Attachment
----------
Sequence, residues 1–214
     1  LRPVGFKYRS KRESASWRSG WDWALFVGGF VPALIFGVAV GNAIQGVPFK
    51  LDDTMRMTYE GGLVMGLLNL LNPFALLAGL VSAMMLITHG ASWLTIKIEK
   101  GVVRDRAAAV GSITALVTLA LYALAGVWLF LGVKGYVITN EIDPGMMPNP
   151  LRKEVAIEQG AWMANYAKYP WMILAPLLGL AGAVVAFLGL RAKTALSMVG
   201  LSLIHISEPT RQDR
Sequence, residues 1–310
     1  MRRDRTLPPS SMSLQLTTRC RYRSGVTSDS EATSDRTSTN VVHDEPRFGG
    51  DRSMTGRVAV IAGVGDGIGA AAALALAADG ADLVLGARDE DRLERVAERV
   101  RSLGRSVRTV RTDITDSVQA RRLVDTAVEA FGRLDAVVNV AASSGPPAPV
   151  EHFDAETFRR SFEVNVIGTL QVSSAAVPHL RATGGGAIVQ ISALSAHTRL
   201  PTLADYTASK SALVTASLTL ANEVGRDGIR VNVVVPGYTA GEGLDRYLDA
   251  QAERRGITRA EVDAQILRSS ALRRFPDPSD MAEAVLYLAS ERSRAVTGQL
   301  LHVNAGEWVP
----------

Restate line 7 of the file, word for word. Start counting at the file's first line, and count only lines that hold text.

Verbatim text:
Sequence, residues 1–310